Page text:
“The Origin of Heresy” by Robert M. Royalty Jr.

Robert M. Royalty Jr. The Origin of Heresy: A History of Discourse in Second Temple Judaism and Early Christianity. Routledge Studies in Religion 18. New York, NY: Routledge, 2014, 233 pp., $48.95  (paperback).

*I’d like to express my gratitude to Routledge for providing a review copy in exchange for my honest opinion.

The Origin of Heresy by Robert M. Royalty Jr. explores the discursive rhetoric of difference in the Second Temple Judaism and early orthodox Christianity in order to draw out the heresiological patterns which became the norm in later “orthodox” Christianity. Importantly he approaches the emergence of Christianity not from the classic tenet of Christian historiography, namely “that unity and doctrinal purity preceded divisions, that truth precedes error” (10); rather, he presupposes many early Christianities in agreement with the Bauer thesis. Christian variety resulted in a project of political hegemony and unity. Along this hope for political hegemony and unity, Royalty draws out how the rhetoric of heresy, discourse which negotiates religious difference, functioned in early communities and eventually developed into Christian identity.

Part I draws out the discursive foundations and developments of heresy through rhetoric of difference from the Hebrew Bible to the most fully formed rhetoric in the Gospel from Matthew’s community. Various sources attest to differing approaches to the rhetoric of difference. Ancient Israelite literature often presents prophetic conflict. More often than not, the response is a push for ideological unity, reconciliation, and restoration, rhetoric responses to difference which early Christianity lacked. Developments in the Dead Sea Scrolls, Daniel, and the Hasmonean conflict represent, for Royalty, a shift into key rhetorical features for early Christianity: doxography of error, dualistic eschatology, excommunication based on doctrine, apocalyptic condemnation of opponents, rejection of alternative view points, and the “True Israel”.

With theses rhetorical features, he examines how rhetoric of difference for John the Baptizer and Jesus functioned politically, illustrating that heresy “was an intrinsic part of the origins of what eventually came to be Christianity” (63). Problematic, though, is his clean distinction between political and religious. Royalty even mentions the discussion of whether or not John’s message was political or religious. Such statement occur consistently throughout the work, assuming a clean division between political and religious. His methodology, though, does not thoroughly explore that distinction by which he analyzes the rhetoric of difference. Brent Nongbri in Before Religion (Yale University Press, 2015) provides a valuable statement on how politics and religion were one in antiquity, in contrast to modern conceptions of religion: “episodes that modern authors have identified as ancint “religion” have turned out to involve discourses that ancient authors themselves seem to have understood primarily in ethnic or civic terms” (63). That said, to label Jesus and John’s rhetoric as “political”, and even later texts by the same token, he does a disservice the cognitive world of the text, a world in which clear distinction between religion and politics was not evident.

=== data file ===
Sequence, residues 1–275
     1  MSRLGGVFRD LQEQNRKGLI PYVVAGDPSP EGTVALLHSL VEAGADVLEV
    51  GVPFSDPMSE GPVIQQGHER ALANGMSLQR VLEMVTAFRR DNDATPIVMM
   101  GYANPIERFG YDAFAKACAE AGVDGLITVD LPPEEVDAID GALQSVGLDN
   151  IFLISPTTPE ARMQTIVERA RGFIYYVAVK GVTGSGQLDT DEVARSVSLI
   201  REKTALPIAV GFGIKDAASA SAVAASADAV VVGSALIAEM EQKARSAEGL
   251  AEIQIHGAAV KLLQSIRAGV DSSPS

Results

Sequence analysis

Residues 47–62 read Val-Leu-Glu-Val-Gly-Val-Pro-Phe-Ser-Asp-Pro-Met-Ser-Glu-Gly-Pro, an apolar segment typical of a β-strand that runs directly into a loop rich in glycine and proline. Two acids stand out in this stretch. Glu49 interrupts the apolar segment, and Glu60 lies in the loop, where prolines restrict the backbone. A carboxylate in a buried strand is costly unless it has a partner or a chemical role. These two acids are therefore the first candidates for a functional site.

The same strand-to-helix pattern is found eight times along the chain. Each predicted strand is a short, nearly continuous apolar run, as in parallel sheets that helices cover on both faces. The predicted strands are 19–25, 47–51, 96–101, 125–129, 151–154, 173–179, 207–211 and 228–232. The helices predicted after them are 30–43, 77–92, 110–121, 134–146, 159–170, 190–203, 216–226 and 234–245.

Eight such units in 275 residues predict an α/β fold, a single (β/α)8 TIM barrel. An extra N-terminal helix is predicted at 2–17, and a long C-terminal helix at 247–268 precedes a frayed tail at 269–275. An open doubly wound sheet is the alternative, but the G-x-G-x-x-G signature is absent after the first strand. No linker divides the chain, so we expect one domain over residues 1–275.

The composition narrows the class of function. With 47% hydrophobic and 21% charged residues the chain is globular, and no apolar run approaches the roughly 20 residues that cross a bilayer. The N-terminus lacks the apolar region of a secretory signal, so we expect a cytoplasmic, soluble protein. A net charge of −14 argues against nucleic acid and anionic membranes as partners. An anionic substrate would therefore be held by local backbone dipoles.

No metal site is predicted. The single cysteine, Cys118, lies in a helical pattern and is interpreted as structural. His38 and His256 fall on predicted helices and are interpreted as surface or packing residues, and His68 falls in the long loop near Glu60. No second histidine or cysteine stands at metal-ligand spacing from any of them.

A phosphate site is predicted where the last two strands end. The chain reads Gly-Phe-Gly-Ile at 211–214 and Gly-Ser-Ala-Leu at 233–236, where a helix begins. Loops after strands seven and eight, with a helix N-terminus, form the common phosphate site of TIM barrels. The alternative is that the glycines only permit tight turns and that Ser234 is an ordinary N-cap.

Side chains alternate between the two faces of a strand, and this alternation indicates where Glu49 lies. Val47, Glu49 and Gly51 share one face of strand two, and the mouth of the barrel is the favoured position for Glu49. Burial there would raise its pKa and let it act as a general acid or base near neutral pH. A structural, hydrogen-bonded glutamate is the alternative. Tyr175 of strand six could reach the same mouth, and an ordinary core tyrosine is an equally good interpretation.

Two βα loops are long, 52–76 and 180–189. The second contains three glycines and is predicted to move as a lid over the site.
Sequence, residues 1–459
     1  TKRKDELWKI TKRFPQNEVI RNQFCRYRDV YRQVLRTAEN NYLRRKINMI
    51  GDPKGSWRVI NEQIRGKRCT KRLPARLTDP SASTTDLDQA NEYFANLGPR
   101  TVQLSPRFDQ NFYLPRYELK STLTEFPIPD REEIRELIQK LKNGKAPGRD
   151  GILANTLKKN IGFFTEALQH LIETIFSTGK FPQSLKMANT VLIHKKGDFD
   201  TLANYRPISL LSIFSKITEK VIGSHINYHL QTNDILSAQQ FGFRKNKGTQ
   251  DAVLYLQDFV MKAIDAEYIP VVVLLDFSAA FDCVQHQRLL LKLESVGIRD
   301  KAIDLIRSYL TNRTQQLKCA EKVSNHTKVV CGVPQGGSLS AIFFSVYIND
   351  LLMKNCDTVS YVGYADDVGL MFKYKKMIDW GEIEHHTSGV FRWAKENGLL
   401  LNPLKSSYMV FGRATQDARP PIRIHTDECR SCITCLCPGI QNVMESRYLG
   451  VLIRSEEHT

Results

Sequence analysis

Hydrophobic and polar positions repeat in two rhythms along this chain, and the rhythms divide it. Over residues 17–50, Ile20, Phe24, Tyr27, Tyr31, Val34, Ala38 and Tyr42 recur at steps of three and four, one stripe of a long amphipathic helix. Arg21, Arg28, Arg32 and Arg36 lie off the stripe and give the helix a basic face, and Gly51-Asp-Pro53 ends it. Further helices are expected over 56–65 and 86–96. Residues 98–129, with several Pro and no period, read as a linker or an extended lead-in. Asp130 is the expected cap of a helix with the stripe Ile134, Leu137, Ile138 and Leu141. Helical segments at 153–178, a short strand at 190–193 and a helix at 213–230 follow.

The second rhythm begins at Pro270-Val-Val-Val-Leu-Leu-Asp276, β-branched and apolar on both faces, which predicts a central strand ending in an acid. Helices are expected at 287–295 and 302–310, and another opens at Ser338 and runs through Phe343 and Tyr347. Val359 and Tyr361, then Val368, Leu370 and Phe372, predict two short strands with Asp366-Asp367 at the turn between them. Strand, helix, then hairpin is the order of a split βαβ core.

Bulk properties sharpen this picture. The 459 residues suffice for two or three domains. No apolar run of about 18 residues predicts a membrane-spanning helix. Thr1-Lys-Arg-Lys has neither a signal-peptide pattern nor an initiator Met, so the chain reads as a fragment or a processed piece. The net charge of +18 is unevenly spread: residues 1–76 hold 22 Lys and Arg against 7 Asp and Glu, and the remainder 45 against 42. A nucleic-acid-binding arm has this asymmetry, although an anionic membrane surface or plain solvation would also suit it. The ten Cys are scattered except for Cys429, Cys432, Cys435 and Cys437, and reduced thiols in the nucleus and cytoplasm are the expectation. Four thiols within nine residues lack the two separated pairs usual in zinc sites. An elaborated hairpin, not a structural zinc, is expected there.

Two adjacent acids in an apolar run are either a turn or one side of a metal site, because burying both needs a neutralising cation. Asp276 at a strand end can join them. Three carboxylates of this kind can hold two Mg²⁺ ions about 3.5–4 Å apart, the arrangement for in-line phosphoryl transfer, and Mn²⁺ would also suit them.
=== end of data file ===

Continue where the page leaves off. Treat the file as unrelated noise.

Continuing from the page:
Following discussion of Jesus and John, he proceeds to Paul and his rhetoric of difference. Through this analysis, Royalty draws out four significant ways in which Paul contributed to Christian heresiology: homonoai, a Roman political ideology for unity; apocalyptic dualism that negated opponents; value of apostolic tradition and “correct” interpretation; and demonization of opponents. These became fundamentals to Christian heresiology and later discursive moves expand the foundations to appeals to Roman imperialism.

Having explored historical Jesus, Chapter Five examines the Gospels as narratives of exlcusion, drawing also on the Gospel of Thomsas, Q, and the Didaches to trace the rhetoric of conflict. He notes four major rhetorical features: ideology of apocalyptic judgement, dualistic worldview, polemics against opponents with doxography of their beliefs, and contested issues about the identity of Israel. These four elements along with the Gopsel of Thomas demonstrate the wide ideological spectrum in early Christianity.

Part II examines the internal and external political functions of the notion of heresy in Orthodox tradition. First, through traditions in Colossians, the Pastoral Epistles, Revelate, the Johannnine, Ignatius, Polycarp, the Gospel of Mary and the Gopsel of Judas, Royalty explores how early Christianity policed Orthodoxy through political rhetoric of difference. Each of these documents testify “to ideological differences within early Christian communities. These different approaches to difference, however, identity orthodox heresiology as a unique strategy” (146). This ideology is explicitly imperialistic discourse, utilized as orthodox Christianity sought hegemony in the church and people.

As a result of the delay of the parousia, an apologia to Rome, and the ideology of church unity effacing difference, Chapter eight notes the discursive development of heresiology into a form of Christian imperialism, especially notable through Luke-Act’s silence about the diversity of early Christianities. All in all, Royalty’s work demonstrates how early Christianity utilized the rhetoric of heresy as a strategy to dealing with difference and internal and external boundaries. So, rather than approaching early Christianity through the typical lens of orthodoxy, Royalty’s reading offers a new and unique approach to the New Testament, namely one that evaluates “the discursive origins of Christianity and orthodoxy in the political context of competing Christianities in the first and second century” (176).